I don’t like saying “I told you so”, but I did, and the failure of the first phase of “repeal and replace” will make it all the more difficult to do so. But rather than wander into the weeds of policy options and tactical moves at this point, I think that there is a larger philosophical issue that has become central in a way that it really hasn’t throughout the debate until now. Charles Krauthammer picked up on it recently as follows: “……..there is an ideological consideration that could ultimately determine the fate of any Obamacare replacement. Obamacare might turn out to be unworkable, indeed doomed, but it is having a profound effect on the zeitgeist–it is universalizing the idea of universal coverage. Acceptance of its major premise–that no one be denied health care–is more widespread than ever.”
It’s the age-old question–is health care a right? And Krauthammer is correct; the notion of health care as a right is more firmly entrenched than ever, even though we have never really had the national debate on this question, at least in the open. When Franklin D. Roosevelt rolled out his “second bill of rights” in his January 1944 State of the Union address, one of the eight additions to the original ten was “the right to adequate medical care and the opportunity to achieve and enjoy good health”, and probably not many people flinched, but there was also not much debate about the enormous implications of these new “rights”, at least outside the ivy-covered walls of the philosophy departments of academe.
I looked back at the failed attempt by the Clintons to install Hillarycare in the early days of their administration and discovered an interesting chapter in “The President’s Health Security Plan” entitled “Ethical Foundations of Health Reform”, which listed the values and principles that shaped the proposed new health care system. At the top of the list of 14 principles was “Universal Access: Every American citizen and legal resident should have access to health care without financial or other barriers”. Stunning, but I don’t remember a lot of debate on it.
My point is this–for every right there must be an obligation to defend that right, and in this case fund it, and we haven’t yet really had the national debate we need to have before we put in place a health care system in which a right to health care is the centerpiece. Maybe the conclusion will be in the affirmative and I don’t have much doubt that would probably be the outcome, but if so, then the resulting health care system will inevitably and soon evolve into a universal single-payer system. And does anyone believe that there will not be rationing of care? And who will do the rationing? Maybe we should spend some time discussing the implications of these points and even brush up on the philosophy of rights.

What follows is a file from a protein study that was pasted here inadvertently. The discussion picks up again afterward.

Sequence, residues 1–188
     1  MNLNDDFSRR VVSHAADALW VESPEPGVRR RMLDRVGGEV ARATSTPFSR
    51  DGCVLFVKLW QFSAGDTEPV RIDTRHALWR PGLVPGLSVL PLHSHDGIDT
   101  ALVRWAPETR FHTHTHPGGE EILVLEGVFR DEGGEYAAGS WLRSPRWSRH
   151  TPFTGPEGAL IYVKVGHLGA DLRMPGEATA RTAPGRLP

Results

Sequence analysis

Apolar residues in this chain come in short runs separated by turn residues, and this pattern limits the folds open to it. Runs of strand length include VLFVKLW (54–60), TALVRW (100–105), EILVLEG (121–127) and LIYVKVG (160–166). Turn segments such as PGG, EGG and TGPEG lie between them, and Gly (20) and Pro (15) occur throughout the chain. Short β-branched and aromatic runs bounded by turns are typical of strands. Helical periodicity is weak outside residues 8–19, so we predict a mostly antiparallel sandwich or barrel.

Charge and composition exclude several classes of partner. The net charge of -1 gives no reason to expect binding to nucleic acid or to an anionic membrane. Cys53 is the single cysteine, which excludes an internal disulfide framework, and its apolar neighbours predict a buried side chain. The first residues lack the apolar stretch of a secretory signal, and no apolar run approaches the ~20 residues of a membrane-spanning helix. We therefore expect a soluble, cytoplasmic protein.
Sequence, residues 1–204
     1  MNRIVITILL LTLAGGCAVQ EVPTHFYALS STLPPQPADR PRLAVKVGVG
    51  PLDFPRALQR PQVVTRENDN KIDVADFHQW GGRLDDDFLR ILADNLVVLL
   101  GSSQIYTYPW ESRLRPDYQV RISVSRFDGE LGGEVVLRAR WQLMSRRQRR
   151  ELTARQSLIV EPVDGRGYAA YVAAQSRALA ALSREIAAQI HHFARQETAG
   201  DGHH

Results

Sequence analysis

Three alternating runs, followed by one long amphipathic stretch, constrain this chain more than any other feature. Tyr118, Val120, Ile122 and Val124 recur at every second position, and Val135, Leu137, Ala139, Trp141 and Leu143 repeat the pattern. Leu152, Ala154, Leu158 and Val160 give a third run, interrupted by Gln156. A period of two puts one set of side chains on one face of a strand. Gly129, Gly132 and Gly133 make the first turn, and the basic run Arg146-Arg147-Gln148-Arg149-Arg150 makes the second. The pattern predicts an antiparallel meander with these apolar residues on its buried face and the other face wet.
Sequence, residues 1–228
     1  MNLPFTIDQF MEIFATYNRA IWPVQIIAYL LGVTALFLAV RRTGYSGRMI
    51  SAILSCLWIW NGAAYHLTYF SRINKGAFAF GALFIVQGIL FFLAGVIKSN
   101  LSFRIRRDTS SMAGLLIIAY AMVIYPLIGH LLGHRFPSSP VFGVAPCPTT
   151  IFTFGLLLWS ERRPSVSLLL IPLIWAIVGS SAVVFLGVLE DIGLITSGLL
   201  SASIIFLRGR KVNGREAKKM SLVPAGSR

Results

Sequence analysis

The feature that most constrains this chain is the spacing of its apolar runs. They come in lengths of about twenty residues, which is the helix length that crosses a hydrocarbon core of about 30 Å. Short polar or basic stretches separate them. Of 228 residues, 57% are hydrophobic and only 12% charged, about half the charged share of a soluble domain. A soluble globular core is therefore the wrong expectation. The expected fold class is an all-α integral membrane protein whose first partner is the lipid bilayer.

Vernon E Wuensche says
What I have never understood is why a bill in Congress seems to always have to be a comprehensive bill. Why not pass separate bills that most in Congress could agree to. Free market solutions addressing cost of care. Tort reform which would eliminate unnecessary tests, etc. If universal health care would be passed the cost issue would never be addressed and as you say we would have rationed care. As a small businessman selling his product DIRECTLY to the customer I have always envied Walgreens where the customer does not care how much the product costs as his employer’s insurance or govt insurance is paying for it. UNTIL the customer is paying for the product as with health savings accts, etc. health care cost will not change.
I have shared this writing with hundreds. Too few of my fellow citizens have been educated in the principles of government to engage in a discussion regarding the powers of government vs. the ‘rights’ of citizens. The principles articulated in our founding documents are not well known, understood or revered by present generations.
The Republican Party is not gifted in taking the message of the dangers in this ignorance and the debates spawned by it. The media are largely propagandizing the progressive view which can lead only to a nanny state.
Bob Hux says
Jim spent most of my life in the healthcare industry and watched it’s demise beginning with Medicare. The fact that people believe or think that healthcare is a right in the current society comes as no surprise but what will come as a shocker if we go to universal healthcare (even with rationing) it will run the national debt up so quick and to unsustainable levels that the repercussions to all (business and individuals) will most likely cause a financial collapse in the US. There are solutions to the healthcare dilemma however they are tough. An interesting thing that has happened over the last 50 years is the 501C3s like Methodist, Memorial Herman, MD Anderson, and the list goes on is the fact that the concept of charity care has slipped away and there is no difference between the non profit and for profit hospitals except the latter pays taxes. In the early 80s the lawyers changed the game for the non profits and allowed them to count the medicare contractual adjustment along with the medicaid contractual adjustment as if it were charity!! Otherwise most 501C3s would have lost their tax free status.
This is getting too long. I will write my disertation later :-)